Maniacal Mosquitoes and Tokaji Aszú
I really can't remember the last time I fought off such insolent mosquitoes (outside of SE Asia). Sárospatak is host to variety of blood-sucker that knows no boundaries, and walking around outside, even a few hours before dusk, might as well have you wearing a sign on your back that reads "Early bird mosquito special: 2-for-1, all you can eat!"
Long pants seem to be the de facto standard in the dead of summer. Many home windows even have screens—and when the windows have screens, you know it can get bad.
But as reward for our evening walk against the flying evil of the world, Laszlo showed up at sunset and offered to take us wine tasting at his favorite cellar. The drive would take us to the small wine country town of Tolcsva, south of Sárospatak, between us and the regionally famous winery town of Tokaj.
Tokaj is the Hungarian town whose name is synonymous with the Tokaji Aszú, a special type of sweet dessert wine. Tokaji Aszú is wildly expensive compared to the other types of wines found at markets and vineyards (some very nice bottles of Hungarian wine go for US$4–7, whereas the Tokaji Aszú start at $10, and rapidly climb to higher than $40).
The amber-colored wine of varying intensities, placed inside delicate bottles with long, thin necks, screams out "You can't afford to drink me, you poor, poor, backpacker. Move along to the bottom shelf."
Ah, but thanks to Laszlo's kindness (and frequent cellar patronage), I was able to not only taste large samples of some award-winning Tokaji Aszú, but a half-dozen other wines as well.
What makes the Tokaji Aszú so special is the process necessary to produce the wine. At the end of September, when the Aszú grapes are nearly at their ripest, the skin of some grapes becomes contaminated by grey noble mold. The fungus fibers weave through the grape, causing most of the water to evaporate from it.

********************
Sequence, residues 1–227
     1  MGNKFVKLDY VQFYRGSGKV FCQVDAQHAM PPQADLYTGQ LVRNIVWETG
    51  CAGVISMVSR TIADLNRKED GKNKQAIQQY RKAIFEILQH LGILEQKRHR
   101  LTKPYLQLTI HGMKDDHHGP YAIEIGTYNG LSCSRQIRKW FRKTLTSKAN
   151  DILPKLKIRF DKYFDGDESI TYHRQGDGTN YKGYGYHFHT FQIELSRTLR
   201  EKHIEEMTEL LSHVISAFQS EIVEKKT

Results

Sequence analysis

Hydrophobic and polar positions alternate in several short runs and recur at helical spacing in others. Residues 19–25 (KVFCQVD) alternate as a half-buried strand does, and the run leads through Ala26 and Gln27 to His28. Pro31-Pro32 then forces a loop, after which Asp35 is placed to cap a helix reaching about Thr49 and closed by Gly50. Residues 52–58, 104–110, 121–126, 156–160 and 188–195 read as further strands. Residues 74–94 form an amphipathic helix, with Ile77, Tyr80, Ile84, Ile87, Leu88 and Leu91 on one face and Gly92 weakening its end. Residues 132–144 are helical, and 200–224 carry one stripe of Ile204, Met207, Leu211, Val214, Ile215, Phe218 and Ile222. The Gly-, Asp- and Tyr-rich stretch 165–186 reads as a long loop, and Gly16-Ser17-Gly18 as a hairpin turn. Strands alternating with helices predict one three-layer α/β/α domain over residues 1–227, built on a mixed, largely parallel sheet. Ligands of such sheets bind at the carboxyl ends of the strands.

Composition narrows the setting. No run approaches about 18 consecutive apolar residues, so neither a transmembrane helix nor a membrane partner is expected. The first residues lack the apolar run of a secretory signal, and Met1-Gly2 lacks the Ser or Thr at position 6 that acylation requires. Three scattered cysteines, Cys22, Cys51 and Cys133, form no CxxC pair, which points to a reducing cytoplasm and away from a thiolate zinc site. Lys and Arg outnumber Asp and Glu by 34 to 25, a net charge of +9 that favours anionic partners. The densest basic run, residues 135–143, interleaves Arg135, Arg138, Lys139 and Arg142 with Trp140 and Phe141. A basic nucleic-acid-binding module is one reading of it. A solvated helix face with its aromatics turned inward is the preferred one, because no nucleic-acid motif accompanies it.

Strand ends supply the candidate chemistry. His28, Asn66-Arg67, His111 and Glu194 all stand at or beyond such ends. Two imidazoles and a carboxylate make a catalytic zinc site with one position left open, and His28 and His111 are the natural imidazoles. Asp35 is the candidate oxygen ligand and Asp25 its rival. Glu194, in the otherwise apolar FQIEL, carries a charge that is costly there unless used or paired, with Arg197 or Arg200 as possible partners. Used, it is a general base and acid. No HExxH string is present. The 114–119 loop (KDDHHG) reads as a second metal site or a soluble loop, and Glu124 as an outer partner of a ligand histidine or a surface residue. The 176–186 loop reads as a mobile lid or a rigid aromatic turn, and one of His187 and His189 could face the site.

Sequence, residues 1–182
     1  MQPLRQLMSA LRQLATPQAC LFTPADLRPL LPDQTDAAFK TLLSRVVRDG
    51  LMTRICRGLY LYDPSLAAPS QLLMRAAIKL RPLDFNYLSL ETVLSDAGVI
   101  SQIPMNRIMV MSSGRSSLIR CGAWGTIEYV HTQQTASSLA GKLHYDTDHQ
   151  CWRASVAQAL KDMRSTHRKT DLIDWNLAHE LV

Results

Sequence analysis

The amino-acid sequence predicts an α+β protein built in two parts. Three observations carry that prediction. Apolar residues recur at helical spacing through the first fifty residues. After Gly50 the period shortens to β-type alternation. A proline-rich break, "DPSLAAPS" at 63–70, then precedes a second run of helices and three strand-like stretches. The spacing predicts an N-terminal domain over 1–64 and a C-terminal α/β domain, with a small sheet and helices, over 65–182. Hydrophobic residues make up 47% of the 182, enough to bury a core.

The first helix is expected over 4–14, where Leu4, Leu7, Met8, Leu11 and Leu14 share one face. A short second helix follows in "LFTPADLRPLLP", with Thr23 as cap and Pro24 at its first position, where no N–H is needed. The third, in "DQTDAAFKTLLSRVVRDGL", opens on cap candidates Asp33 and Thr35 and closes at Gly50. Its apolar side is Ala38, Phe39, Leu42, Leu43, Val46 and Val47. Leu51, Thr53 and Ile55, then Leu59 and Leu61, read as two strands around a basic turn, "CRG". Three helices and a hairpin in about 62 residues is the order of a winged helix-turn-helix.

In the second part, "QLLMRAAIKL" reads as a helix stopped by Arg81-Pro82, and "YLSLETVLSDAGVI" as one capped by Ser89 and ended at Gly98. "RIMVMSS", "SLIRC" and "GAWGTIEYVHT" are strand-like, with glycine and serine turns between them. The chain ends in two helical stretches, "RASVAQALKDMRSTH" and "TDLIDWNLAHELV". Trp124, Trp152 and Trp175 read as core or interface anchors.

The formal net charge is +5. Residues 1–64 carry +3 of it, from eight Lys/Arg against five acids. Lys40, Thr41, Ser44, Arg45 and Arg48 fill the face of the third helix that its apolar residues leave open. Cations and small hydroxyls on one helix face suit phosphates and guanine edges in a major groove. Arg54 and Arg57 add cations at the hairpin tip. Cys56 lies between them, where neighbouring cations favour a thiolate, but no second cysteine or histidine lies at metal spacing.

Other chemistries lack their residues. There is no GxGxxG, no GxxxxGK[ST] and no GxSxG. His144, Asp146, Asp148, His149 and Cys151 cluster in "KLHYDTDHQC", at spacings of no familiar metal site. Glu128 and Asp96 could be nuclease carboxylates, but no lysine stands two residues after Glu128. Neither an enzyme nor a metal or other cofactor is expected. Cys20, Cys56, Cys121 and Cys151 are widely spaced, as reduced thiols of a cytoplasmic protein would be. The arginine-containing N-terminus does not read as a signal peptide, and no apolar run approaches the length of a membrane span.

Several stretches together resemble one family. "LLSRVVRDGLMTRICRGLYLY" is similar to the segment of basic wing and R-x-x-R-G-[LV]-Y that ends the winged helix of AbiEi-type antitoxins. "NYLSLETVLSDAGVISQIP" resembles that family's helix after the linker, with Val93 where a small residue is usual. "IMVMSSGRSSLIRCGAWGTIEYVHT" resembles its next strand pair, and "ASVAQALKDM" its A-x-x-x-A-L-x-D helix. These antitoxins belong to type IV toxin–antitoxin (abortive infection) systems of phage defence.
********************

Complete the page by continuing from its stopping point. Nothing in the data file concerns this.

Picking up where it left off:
The extremely valuable, shriveled Aszú grapes are high in sugar content, and are finally plucked and separated by hand at the time of harvest (by dozens of old women sitting on stools).
There are six different levels of Tokaji Aszú, each created by adding specific amounts of the contaminated Aszú grapes during the production process. The lower number has the lightest color, and least amount of grapes. The highest number (a six) has the strongest concentration, darkest color, sweetest taste, and highest price tag.
Tasting Tokaji Aszú was the entire point of going to the town of Tokaj, but since these Aszú grapes are grown all over this small area in Hungary, it mattered not that I was having them from a cellar in Tolcsva instead.
The six types of Tokaji Aszú I indulged in stood out among all the others that were sampled that evening. Never before have I tasted anything like it—so sweet, so strong, so aromatic that it tasted more like a cognac than wine.
The only downside was the legions of mosquitoes awaiting us topside, as well as their friends playfully attacking us below, inside the cellar. But no negative mosquito experience could ever diminish the joys of getting fed glass after glass of increasingly complex and expensive wines, direct from the bottles and casks from the source that produced them.
Another amazing travel experience, courtesy of CouchSurfing and the generosity of our host.